During my first visit to Buenos Aires in March 2000, I was like every newbie in town. I wanted to see where Eva Perón was buried… assured that seeing her tomb would spark some kind of epiphany. The only problem was that there was no map to guide me. I could have asked anyone, but I challenged myself to find Evita on my own. It took me FOUR visits to the cemetery until I finally stumbled upon the site. At least I got a good overview of the cemetery while awaiting that discovery.
After moving to Buenos Aires at the end of 2000, I rarely visited the cemetery. I didn’t know what to make of it, nor did I really understand its importance. In July 2003 I noticed a map had finally been posted at the entrance gate. Hand-drawn with 85 spots to visit, it was hardly impressive or practical. But it was better than nothing:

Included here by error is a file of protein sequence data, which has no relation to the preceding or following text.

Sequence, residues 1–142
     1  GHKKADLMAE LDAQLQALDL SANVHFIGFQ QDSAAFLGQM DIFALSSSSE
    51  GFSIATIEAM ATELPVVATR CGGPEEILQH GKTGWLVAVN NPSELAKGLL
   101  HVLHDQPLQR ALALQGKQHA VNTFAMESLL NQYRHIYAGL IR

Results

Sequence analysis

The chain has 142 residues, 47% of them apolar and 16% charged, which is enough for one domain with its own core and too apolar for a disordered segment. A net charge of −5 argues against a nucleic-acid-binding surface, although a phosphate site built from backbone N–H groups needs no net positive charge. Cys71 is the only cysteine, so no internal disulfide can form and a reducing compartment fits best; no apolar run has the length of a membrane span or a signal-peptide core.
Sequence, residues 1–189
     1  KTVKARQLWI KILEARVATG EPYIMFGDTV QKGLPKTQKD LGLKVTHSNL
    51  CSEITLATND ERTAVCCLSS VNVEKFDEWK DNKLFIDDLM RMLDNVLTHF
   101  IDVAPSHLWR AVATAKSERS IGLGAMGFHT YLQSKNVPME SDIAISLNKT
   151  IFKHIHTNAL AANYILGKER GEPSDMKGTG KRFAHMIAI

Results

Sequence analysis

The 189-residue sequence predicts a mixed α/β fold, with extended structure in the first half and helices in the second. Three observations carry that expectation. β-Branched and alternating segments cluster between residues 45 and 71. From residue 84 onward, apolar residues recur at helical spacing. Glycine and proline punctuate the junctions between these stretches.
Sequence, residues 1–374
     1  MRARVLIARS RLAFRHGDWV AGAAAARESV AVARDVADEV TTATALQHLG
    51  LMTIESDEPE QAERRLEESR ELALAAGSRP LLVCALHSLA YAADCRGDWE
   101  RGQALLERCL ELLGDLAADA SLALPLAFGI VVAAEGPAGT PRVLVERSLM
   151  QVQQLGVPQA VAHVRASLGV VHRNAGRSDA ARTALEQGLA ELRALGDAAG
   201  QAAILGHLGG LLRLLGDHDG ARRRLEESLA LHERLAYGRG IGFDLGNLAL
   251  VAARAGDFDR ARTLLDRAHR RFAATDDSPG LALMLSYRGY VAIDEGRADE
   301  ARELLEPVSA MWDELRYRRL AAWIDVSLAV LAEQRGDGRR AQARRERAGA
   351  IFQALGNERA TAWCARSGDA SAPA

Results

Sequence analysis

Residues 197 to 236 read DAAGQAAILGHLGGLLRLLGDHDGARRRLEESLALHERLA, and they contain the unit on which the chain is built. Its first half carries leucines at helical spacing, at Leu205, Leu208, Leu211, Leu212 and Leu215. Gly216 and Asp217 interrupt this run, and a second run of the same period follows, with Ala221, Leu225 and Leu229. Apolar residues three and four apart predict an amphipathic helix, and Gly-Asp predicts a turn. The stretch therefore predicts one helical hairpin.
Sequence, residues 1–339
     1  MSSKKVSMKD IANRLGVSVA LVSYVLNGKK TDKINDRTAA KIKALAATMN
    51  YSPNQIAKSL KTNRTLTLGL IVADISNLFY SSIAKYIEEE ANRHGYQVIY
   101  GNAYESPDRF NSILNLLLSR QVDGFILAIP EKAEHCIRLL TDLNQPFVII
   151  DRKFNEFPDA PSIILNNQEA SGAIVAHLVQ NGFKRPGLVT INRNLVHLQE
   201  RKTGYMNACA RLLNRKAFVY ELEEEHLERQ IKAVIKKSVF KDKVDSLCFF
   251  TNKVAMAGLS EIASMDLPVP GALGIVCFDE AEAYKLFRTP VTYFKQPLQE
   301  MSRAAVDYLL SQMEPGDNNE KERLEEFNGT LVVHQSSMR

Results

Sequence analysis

I was beginning to realize that something had to be done…
Read the complete story in the following posts titled “map development”: Part 2, Part 3, Part 4, Part 5, Part 6 & Part 7. Good news! The PDF guidebook is now available.
How can I print a walking tour map? Thanks, Ellen
Hi Ellen – That’s one of the projects I’m working on. I should have one available online in a couple months. There used to be a printed copy I would mail, but that turned out to be too complicated. Thanks!
I am starting my history project on the Recoleta Cemetery, particularly, its architecture. I was wondering if you know of any books or sites that list architects that have been involved in designing the mausoleums for Recoleta.
Hi Xeniya – Thanks for the comment… unfortunately there is nothing that lists architects involved in the history of Recoleta Cemetery. It would be an interesting project/book. Please keep me informed of your progress. Good luck!